Denny's Finds Moving On Is Not So Easy
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Denny's Finds Moving On Is Not So Easy

Two related stories—both involving the Denny’s restaurant chain—from last week show how difficult it is for organizations to polish tarnished reputations, particularly when their reputations have been damaged by perceived cultural decay.

Paul Holmes

Two related stories—both involving the Denny’s restaurant chain—from last week show how difficult it is for organizations to polish tarnished reputations, particularly when their reputations have been damaged by perceived cultural decay.
 
Denny’s experienced a public relations meltdown in 1994, following what appeared to be systemic disrespect for African-American consumers. Separate incidents in San Diego (involving the local NAACP chapter) and Annapolis (Secret Service agents) contributed to the impression that Denny’s discriminated against black customers.
 
Flagstar, Denny’s parent company, initially characterized the two incidents and isolated examples of poor judgment, but as thousands of complaints flooded in and employees told reporters of store policies designed to keep African-American customers to a minimum, the chain was forced to recognize a cultural problem. It launched a massive employee communications campaign—accompanied by television ads that were half-apologetic half-promise to do better—to repair the damage.
 
Until this week, it appeared that the Denny’s effort had been a success—at least if the objective was to keep the company’s name out of the papers.
 
The first clue that the issue had not yet gone away came when Denny’s announced that it was launching a $2 million anti-racism ad campaign. The company has been working with both the NAACP and the Hispanic Association on Corporate Responsibility to increase the number of minority-owned restaurants. In 1997, the NAACP awarded Denny's its annual minority business development award for its efforts to provider broader opportunities for minorities.
 
“What we’re trying to do through all the lessons we have learned—obviously difficult lessons—is to get people to talk about race,' said Jim Adamson, chief executive of Denny's parent company, now known as Advantica Restaurant Group.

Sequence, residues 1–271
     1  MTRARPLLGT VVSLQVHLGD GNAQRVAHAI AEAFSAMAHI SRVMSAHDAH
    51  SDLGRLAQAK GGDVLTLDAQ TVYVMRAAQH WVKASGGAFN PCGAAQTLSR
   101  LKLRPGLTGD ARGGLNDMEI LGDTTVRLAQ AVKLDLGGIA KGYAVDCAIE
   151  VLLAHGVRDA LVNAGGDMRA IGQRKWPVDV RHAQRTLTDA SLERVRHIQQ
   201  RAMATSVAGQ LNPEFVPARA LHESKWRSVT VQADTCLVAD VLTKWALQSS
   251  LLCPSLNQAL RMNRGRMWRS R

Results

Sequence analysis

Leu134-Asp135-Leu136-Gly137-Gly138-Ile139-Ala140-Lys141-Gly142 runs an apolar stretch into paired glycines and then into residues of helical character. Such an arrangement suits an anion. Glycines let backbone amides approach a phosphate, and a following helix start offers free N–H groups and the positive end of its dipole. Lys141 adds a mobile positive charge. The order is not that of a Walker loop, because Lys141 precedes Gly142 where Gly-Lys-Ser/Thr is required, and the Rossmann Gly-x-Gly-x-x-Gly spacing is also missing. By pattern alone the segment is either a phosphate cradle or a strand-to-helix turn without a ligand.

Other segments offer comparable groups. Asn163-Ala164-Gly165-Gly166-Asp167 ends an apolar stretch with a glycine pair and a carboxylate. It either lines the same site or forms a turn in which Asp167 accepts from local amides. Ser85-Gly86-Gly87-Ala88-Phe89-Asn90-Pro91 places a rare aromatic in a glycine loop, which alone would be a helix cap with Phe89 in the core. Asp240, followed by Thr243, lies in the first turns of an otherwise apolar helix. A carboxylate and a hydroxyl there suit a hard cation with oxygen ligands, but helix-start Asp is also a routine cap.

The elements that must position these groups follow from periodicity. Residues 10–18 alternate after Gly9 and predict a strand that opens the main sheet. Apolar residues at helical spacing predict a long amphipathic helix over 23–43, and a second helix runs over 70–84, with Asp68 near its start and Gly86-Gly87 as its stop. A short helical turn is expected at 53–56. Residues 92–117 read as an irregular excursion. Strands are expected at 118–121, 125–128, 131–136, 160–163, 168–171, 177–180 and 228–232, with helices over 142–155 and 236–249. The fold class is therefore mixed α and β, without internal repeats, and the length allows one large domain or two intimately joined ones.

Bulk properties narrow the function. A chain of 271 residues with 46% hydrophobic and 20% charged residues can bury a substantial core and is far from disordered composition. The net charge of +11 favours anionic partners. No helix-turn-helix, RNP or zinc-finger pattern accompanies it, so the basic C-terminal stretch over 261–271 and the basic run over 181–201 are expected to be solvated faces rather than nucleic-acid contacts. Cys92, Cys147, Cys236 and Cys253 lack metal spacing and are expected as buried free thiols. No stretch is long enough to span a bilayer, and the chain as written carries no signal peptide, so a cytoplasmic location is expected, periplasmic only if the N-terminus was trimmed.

“There are some people who never notice another person’s color. But most of us do,” says a black youth in one ad. “And that’s okay. Don’t feel guilty. Noticing a person’s color doesn’t make you racist. Acting like it matters does.” The ads all conclude with the tagline, “Diversity. It’s about all of us.”
 
Denny’s apparent acknowledgment that it still has an image problem in minority communities was followed by a far harsher indication that the discrimination issue continues to haunt the company. A day after it announced the ad campaign, Denny’s was slapped with another lawsuit, this one accusing employees at a San Jose restaurant of making a group of 17 people, all but one of whom is Hispanic, wait as other patrons were seated. When the patrons complained they were refused service, and eventually the police were summoned to have them ejected.
 
It is worth pointing out that Denny’s is not the only restaurant chain to have experienced this kind of problem. Shortly before the holiday season, Wendy’s was labeled “the most racist corporation in America” and activists accused the chain of discrimination against African-American franchisees. That story died quickly, but the Denny’s charges are likely to have more staying power, if only because of the company’s track record.
 
It is also worth pointing out that media reports of the latest charges against Denny’s suggest that while the customers may have been passed over, their response might have been disproportionate to the offense. Given the climate of litigiousness that exists in America today, one wonders whether this incident would have sparked a lawsuit had a restaurant with a better record—or shallower pockets—been involved.
 
Still, that question makes it clear that Denny’s reputational woes continue to create problems. Companies that are found guilty in the court of public opinion clearly have a hard—and often expensive—time convincing a skeptical public that they have reformed.
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